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Center for Professional Practice of Nursing

Center for Professional Practice of Nursing

NEWS | August 10, 2012

UC Davis Children's Hospital gains international recognition for lifesaving program

Children's hospital receives prestigious critical-care medicine award

(SACRAMENTO, Calif.)

UC Davis Children's Hospital has received the Excellence in Life Support Award from the international Extracorporeal Life Support Organization (ELSO) for its Extracorporeal Life Support Program. The program provides lifesaving support for failing organ systems in infants, children and in some cases, adults.

UC Davis Children's Hospital © UC RegentsThe Excellence in Life Support Award recognizes centers worldwide that demonstrate an exceptional commitment to evidence-based processes and quality measures, staff training and continuing education, patient satisfaction and ongoing clinical care. UC Davis Children's Hospital is one of only a few hospitals to receive the award since its inception in 2006.

The ELSO Award signifies to patients and families a commitment to exceptional patient care. It also demonstrates to the health-care community an assurance of high-quality standards, specialized equipment and supplies, defined patient protocols, and advanced education of all staff members.

Extracorporeal life support (ECLS), also known as extracorporeal membrane oxygenation or ECMO, is one of the most advanced forms of life support available to patients experiencing acute failure of the cardiac and respiratory systems. The ECLS machine does the work of the heart and lungs, artificially oxygenating and purifying the blood and returning it to the body, allowing the patient's heart and lungs to rest and heal.

Robert Prezlaff © UC Regents
Robert Pretzlaff

"The most wonderful part of this program is being able to offer to patients and their families an opportunity for recovery that otherwise would not exist," said ECLS Program Coordinator Laura Kenny. "It is incredibly rewarding to send a child home with their parents who would not have survived without ECLS." 

Recipients of the Excellence in Life Support Award are designated as Centers of Excellence for having demonstrated extraordinary achievement in the following categories:

• Excellence in promoting the mission, activities and vision of ELSO

• Excellence in patient care by using the highest-quality measures, processes and structures based on evidence

• Excellence in training, education, collaboration and communication that supports ELSO guidelines and contributes to a healing environment

At UC Davis Children's Hospital, ECLS is performed by a team of highly skilled physicians, nurses and cardiovascular perfusionists trained to provide extracorporeal life support. All patients treated using ECLS have a bedside nurse dedicated to the care of the patient as well as a second, specially trained nurse committed to the management of the ECLS machine. A physician trained in ECLS technology manages or co-manages each of the patients on ECLS, and a UC Davis Medical Center perfusionist is available at all times to assist with the equipment and patient management.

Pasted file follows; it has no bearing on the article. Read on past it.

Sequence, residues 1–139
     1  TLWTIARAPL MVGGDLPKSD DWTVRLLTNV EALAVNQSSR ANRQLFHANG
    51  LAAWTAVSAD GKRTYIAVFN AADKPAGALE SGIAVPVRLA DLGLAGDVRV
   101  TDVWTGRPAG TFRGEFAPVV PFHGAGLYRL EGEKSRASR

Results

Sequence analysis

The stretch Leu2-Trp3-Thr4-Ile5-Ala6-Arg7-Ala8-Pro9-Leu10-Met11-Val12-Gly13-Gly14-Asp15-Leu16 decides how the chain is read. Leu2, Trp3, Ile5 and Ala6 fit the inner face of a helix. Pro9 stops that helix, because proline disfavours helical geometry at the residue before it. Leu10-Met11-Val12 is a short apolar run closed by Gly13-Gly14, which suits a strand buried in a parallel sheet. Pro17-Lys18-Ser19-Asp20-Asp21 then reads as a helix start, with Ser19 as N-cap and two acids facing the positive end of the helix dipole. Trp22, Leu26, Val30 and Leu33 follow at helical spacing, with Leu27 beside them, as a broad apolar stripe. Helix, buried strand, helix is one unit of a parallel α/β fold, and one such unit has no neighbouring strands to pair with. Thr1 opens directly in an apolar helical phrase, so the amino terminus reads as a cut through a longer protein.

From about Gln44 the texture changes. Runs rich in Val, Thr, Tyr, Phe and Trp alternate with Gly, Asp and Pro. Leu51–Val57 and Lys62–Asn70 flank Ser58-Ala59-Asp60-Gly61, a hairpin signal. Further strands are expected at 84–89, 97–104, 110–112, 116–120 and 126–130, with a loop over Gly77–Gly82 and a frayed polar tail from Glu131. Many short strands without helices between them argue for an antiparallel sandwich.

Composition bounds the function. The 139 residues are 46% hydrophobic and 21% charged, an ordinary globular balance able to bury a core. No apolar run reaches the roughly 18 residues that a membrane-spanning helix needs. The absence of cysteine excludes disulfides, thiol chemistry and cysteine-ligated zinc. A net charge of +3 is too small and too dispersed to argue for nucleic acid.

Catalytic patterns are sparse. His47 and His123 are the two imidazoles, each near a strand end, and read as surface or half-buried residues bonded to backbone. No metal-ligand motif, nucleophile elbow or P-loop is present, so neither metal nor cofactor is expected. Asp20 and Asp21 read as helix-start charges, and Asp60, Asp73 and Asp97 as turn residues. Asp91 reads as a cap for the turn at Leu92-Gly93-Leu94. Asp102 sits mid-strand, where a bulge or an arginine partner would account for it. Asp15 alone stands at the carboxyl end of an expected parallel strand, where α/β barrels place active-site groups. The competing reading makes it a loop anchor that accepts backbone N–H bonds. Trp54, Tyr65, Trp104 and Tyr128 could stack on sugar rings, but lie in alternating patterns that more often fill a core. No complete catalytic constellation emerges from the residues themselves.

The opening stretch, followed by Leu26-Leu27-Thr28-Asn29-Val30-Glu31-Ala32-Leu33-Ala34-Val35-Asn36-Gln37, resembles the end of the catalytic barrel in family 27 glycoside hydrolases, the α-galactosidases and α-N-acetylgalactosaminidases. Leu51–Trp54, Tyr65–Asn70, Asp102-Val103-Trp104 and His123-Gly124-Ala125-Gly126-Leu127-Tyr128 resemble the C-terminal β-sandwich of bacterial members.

"What makes the Extracorporeal Life Support Program at UC Davis so special is the chance to work closely with such a wonderful team, to help our very sickest patients," said Robert Pretzlaff, chief of the Division of Pediatric Critical Care Medicine in the Department of Pediatrics of the UC Davis School of Medicine.

ECLS frequently is used in newborns with severe lung disease; older children treated with ECLS fall into several categories, including children who have suffered severe trauma, have severe pneumonia or other infections and those with acquired heart disease, such as myocarditis or cardiomyopathy. ECLS also permits the hearts of infants and children who have undergone surgery for congenital heart disease to rest and recover following surgery.

The Extracorporeal Life Support Organization is a consortium of health-care professionals and scientists dedicated to the development and evaluation of novel therapies for the support of failing organ systems. The organization promotes ongoing research into the most effective treatment methods by maintaining a registry of patients receiving extracorporeal membrane oxygenation and providing educational programs for member centers and the broader medical and lay communities. More than 115 international ECMO centers are members of ELSO, which is headquartered in Ann Arbor, Mich.

UC Davis Children's Hospital is the Sacramento region's only nationally ranked, comprehensive hospital for children, serving infants, children, adolescents and young adults with primary, subspecialty and critical care. It includes the Central Valley's only pediatric emergency department and Level I pediatric trauma center, which offers the highest level of care for critically ill children. The 129-bed children's hospital includes the state-of-the-art 49-bed neonatal and 24-bed pediatric intensive care and pediatric cardiac intensive care units. With more than 120 physicians in 33 subspecialties, UC Davis Children's Hospital has more than 74,000 clinic and hospital visits and 13,000 emergency department visits each year. For more information, visit children.ucdavis.edu.